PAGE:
COBSE to discuss common question paper design

It has worked out a design for Class XI across boards

Published - November 01, 2014 02:08 am IST - KOCHI:

The Council of Boards of School Education in India (COBSE) will soon discuss a proposal to have a common question paper design across all boards of school education in the country.

The objective is to introduce a common marking system for students in various streams and reduce the possible errors emerging during the normalisation of marks in the preparation of rank list of various professional examinations.

Confirming that COBSE’s next meeting will discuss a common question paper design for Class XI examinations of all boards in the country, Vineet Joshi, Chairman of the Central Board of Secondary Education (CBSE), said here on Friday that such a pattern would address the complaints related to normalisation to some extent.

“By doing all this [common design], we will minimise the errors possible in normalisation. If at least the design is same, just an idea, at least there is a scope of similar type of marking,” he said.

COBSE, a voluntary association of all boards of school education, had worked out a common question paper design for Class XI, Mr. Joshi said. There was a huge variation as of now in the question papers of various boards.

“Some States are having completely objective type questions; some completely [on the] subjective side. And there are other States in the middle of the spectrum. So if at least the design is same, let’s say 10 per cent [questions] are long answer type, 10 per cent are multiple type, I am just giving an idea. This is not the way design has been prepared,” he said.


Mr. Joshi said approximately 10 per cent of CBSE schools in Kerala had applied for its School Quality Assessment and Accreditation (SQAA) scheme. An estimated 1, 500 schools across the country had applied for accreditation. “We have given them a window of three years to get accredited,” he said.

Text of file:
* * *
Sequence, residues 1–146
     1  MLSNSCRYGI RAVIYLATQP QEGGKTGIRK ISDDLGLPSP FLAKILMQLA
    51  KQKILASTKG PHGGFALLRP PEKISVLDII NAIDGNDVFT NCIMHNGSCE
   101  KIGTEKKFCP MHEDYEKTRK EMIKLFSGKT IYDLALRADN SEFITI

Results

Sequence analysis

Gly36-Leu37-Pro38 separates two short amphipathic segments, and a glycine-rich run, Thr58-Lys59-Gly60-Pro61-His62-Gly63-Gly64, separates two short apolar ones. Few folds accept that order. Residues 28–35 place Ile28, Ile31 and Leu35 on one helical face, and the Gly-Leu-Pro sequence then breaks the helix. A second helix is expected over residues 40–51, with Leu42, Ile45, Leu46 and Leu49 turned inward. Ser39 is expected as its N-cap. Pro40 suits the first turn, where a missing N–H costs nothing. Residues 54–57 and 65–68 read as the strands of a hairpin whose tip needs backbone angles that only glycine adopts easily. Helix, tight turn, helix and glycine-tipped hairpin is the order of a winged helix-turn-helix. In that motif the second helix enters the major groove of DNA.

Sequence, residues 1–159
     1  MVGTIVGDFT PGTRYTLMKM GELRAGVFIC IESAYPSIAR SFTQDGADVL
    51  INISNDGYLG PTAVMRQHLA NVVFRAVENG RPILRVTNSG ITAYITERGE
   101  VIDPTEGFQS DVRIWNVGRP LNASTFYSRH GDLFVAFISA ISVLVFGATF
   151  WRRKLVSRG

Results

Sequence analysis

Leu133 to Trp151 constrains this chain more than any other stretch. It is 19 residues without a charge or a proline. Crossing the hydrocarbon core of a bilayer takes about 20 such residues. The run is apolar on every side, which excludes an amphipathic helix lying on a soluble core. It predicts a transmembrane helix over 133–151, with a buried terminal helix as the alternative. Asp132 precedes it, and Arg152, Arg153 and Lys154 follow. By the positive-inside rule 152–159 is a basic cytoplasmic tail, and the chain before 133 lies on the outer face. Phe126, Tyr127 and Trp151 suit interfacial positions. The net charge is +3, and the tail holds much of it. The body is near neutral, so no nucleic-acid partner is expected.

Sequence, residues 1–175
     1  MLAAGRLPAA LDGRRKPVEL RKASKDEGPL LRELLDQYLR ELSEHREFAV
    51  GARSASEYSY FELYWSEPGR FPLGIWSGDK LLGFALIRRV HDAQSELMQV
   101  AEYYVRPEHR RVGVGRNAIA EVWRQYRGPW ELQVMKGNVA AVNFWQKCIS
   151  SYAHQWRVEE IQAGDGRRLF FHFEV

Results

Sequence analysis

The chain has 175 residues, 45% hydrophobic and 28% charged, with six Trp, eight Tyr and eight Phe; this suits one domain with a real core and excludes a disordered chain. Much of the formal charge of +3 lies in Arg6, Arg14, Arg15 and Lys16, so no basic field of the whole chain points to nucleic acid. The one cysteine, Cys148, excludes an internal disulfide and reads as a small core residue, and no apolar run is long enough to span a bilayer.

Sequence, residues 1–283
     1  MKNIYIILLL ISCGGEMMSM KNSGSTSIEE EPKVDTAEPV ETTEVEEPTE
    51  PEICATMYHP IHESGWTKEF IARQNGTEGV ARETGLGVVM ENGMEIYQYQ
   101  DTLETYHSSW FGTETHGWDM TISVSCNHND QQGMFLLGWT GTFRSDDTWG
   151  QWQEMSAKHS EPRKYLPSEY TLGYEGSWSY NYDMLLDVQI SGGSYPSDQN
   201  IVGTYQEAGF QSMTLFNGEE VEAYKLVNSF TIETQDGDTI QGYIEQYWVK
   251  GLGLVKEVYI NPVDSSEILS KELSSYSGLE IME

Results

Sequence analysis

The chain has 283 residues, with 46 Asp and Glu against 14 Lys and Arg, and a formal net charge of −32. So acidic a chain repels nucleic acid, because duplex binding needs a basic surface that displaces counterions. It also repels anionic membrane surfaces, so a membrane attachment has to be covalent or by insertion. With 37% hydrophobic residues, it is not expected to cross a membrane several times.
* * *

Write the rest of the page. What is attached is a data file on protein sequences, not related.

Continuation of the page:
Referring to complaints that a section of schools in the State were still paying low salaries to teachers, Mr. Joshi said managements had to give the minimum salary fixed by the Kerala High Court. “We will definitely take action, if some schools are not complying,” he said.

He made it clear that the State concerned had a say in the matters of CBSE schools, especially after the implementation of the Right to Education Act. “But the State, the CBSE, and the school managements have to work for the students and not see each other as an adversary,” he said.

0 / 0
Sign in to unlock member-only benefits!
  • Access 10 free stories every month
  • Save stories to read later
  • Access to comment on every story
  • Sign-up/manage your newsletter subscriptions with a single click
  • Get notified by email for early access to discounts & offers on our products
Sign in


Comments have to be in English, and in full sentences. They cannot be abusive or personal. Please abide by our community guidelines for posting your comments.

We have migrated to a new commenting platform. If you are already a registered user of The Hindu and logged in, you may continue to engage with our articles. If you do not have an account please register and login to post comments. Users can access their older comments by logging into their accounts on Vuukle.